Dell highlights its software strategy, with new releases, channel integrationsf

John Swainson at the recent Dell event

On the heels of four major software-focused acquisitions between last March and July, and the hiring of John Swainson to  the new position of President, Dell Software, Dell has been making major enhancements to its software portfolio. On Thursday, the company invited a large assemblage of analysts and media to the Hotel Monaco in downtown San Francisco to announce the next phase of their software strategy.

While many of the media and analysts there expected a dramatic new announcement such as a cutting-edge new solution, or another major acquisition, the reality was more modest. Swainson summed up Dell’s software progress in the little more than a year since he joined the company and restated their core software strategy. Several mobile product announcements were made. For the channel however, the most significant announcement was likely the upcoming formal integration of all the acquired software companies into the Dell Partner Direct program.

Swainson said that in the little more than a year since he joined the company (March 5, 2012) Dell software has grown from  500 people and 100 million of revenue in software products to 6000 people and a billion and a half in revenue.

Dell enjoys some key assets over competitors in software, Swainson said.

“Competitors have legacy profit pools, while we have no legacy profit pools to protect,” he said.  “There are two other things different about our portfolio. One is that with our scalable design point, the customer doesn’t have to guess about capacity. The second is our multi-channel go-to-market – our large direct sales, our 2500 software specialists, who work with direct sales, ecommerce, and a third of our business from channel partners.”

The partner program announcement will see new software-related competencies within the partner program, as well as full integration of all the acquired software programs in the Dell PartnerDirect Program.

“The goal is to have a single partner program at Dell, and we will get there in the U.S. on September 1 and international markets shortly after that,” said  Marvin Blough, Executive Director, Worldwide Channels and Alliances, Dell Software.

Greg Davis, Dell’s Vice President & General Manager Global Commercial Channel, said that while he would have loved to have the integration completed by now, the back-end technical work still needs more time.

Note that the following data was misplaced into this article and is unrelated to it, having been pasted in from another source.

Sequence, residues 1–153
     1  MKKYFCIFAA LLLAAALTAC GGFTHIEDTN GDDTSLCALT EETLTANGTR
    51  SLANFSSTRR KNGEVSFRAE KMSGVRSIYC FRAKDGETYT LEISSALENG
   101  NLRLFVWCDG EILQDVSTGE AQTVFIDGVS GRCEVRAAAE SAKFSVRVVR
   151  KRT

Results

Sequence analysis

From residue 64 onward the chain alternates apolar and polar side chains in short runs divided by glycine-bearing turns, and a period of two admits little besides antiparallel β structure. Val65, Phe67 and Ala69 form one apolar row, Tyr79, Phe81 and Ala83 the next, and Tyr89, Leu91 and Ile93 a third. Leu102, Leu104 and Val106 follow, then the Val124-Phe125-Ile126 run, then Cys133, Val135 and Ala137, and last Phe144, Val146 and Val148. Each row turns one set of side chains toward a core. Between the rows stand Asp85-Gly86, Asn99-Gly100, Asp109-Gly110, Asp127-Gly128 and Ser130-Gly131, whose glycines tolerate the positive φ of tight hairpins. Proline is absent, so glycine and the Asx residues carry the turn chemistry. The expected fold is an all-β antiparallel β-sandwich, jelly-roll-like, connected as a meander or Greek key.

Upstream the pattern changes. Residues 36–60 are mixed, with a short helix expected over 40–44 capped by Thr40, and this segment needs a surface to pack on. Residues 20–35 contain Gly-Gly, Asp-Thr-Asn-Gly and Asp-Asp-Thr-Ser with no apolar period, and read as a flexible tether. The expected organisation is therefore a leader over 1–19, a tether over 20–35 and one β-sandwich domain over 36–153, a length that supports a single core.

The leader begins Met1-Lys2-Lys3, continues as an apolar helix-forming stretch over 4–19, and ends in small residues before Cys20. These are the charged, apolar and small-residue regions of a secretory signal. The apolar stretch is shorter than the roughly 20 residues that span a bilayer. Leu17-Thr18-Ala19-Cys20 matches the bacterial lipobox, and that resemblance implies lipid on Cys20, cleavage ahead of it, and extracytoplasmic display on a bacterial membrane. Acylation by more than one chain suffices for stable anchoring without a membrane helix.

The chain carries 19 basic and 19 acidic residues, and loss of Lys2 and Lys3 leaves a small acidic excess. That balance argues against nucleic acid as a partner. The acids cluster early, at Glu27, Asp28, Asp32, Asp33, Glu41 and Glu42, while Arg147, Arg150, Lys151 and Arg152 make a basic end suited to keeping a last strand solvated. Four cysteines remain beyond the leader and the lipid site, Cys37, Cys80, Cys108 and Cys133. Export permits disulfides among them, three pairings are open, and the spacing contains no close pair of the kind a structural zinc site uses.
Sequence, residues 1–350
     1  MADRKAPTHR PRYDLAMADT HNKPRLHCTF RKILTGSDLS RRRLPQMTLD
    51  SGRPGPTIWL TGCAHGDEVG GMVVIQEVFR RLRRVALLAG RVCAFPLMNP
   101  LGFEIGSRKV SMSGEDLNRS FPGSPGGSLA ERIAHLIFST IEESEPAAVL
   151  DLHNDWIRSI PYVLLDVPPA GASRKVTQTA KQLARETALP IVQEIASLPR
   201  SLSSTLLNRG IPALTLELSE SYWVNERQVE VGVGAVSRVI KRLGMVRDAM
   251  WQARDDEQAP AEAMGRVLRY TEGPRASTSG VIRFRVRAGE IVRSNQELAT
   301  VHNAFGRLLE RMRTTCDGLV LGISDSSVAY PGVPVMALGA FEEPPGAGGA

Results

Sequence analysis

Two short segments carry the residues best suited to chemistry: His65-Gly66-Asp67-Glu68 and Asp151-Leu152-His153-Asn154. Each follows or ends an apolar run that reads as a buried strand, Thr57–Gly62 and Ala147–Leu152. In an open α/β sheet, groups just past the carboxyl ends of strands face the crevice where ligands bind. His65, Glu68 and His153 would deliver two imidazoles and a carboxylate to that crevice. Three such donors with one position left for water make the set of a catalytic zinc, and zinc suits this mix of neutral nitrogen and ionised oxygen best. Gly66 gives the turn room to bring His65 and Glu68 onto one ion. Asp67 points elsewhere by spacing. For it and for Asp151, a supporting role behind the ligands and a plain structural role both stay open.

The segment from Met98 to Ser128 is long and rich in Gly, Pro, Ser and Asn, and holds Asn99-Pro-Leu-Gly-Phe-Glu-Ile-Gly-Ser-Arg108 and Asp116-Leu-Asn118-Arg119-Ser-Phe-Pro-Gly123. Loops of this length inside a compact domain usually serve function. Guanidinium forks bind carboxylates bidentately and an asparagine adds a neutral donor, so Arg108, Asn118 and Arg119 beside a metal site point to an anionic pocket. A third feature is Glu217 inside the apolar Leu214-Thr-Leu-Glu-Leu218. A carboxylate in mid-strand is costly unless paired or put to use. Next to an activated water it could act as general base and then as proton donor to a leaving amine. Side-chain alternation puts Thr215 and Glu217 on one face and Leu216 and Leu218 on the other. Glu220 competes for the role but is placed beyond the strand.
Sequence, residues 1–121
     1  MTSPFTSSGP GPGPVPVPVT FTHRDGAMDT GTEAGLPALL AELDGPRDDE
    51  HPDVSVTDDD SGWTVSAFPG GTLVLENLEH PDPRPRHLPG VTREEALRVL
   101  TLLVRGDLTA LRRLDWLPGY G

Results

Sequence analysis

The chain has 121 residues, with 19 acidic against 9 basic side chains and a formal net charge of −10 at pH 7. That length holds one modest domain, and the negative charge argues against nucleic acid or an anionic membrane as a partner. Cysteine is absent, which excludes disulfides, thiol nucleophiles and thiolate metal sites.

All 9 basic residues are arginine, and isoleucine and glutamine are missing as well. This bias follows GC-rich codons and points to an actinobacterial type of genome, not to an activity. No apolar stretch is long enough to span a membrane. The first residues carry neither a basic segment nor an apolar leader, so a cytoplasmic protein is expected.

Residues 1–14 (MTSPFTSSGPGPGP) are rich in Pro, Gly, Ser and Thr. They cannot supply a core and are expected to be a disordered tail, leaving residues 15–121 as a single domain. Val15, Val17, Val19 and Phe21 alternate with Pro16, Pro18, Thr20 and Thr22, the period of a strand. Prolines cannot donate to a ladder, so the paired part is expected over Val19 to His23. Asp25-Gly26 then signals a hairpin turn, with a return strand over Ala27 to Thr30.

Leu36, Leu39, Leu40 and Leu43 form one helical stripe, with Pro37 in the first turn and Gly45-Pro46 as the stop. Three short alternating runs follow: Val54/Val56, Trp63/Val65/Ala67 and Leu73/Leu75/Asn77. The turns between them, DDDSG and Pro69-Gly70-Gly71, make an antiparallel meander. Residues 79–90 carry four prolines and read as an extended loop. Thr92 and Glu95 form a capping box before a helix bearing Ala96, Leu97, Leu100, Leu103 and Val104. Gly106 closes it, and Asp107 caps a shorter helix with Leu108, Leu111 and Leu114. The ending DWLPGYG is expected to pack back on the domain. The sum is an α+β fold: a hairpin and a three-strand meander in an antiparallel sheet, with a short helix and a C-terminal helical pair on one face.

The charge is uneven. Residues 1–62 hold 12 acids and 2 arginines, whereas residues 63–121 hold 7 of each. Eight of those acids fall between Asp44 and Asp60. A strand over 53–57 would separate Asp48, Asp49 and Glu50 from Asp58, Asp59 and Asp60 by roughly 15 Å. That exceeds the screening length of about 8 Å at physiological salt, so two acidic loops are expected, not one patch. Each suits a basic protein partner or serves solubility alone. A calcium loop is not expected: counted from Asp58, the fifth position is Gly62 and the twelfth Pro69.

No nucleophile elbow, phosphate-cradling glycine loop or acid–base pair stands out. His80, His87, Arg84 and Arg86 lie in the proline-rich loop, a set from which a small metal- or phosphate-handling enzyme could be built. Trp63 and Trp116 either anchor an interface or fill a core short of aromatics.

“The easy part is integrating the programs,” Davis said. “The hard parts are migrating the order management systems, the deal registration systems, the mapping of the purchasing paths, getting all that IT back-end stuff done to make it truly easy for the partner. Our goal all along has been to make Dell the easiest company to do business with.”

“Once the program is implemented after September 1, partners will be eligible for four new software competencies, in  security, information management, systems management and data protection,” Blough said. “They will have the  ability to specialize in  certain areas.”

Mitchell Sharp, CTO of Agreeya, a Sacramento-based  system integrator with a growing international business, said the changes will strengthen his relationship with Dell, which has been based around legacy Quest Desktop Virtualization and Sharepoint  products, although they are now expanding into BI.

“When we were a Quest partner, it was a good relationship, but the challenge was that Quest as a brand name didn’t exist.” Sharp said. “When I said I was a Quest partner, customers didn’t know want I was talking about, but as a Dell partner, they have an immediate interest in talking.

The new product announcements had a strong mobility orientation, with Swainson announcing that “the big theme today is mobility.”

Tom Kendra, VP & GM, systems management, Dell Software, announced four new Dell mobility solutions, which are bundles of existing Dell hardware and thin clients, security, management, data protection and other software solutions and services.

“We believe BYOD helps productivity, and can radically improve the customer service experience, but 90% of companies have faced setbacks with BYOD,” Kendra said. “We now have an opportunity to come in with sets of capabilities to address this, which is huge.”